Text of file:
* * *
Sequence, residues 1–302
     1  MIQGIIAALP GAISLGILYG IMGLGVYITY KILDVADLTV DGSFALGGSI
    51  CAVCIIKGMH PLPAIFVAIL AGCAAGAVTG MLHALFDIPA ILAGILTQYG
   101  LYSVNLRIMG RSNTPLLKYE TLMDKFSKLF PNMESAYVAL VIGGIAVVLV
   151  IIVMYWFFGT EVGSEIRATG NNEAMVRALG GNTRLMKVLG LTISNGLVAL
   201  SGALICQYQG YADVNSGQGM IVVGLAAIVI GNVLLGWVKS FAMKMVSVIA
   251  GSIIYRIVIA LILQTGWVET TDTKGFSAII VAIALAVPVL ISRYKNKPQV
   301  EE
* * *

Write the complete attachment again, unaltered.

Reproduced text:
Sequence, residues 1–302
     1  MIQGIIAALP GAISLGILYG IMGLGVYITY KILDVADLTV DGSFALGGSI
    51  CAVCIIKGMH PLPAIFVAIL AGCAAGAVTG MLHALFDIPA ILAGILTQYG
   101  LYSVNLRIMG RSNTPLLKYE TLMDKFSKLF PNMESAYVAL VIGGIAVVLV
   151  IIVMYWFFGT EVGSEIRATG NNEAMVRALG GNTRLMKVLG LTISNGLVAL
   201  SGALICQYQG YADVNSGQGM IVVGLAAIVI GNVLLGWVKS FAMKMVSVIA
   251  GSIIYRIVIA LILQTGWVET TDTKGFSAII VAIALAVPVL ISRYKNKPQV
   301  EE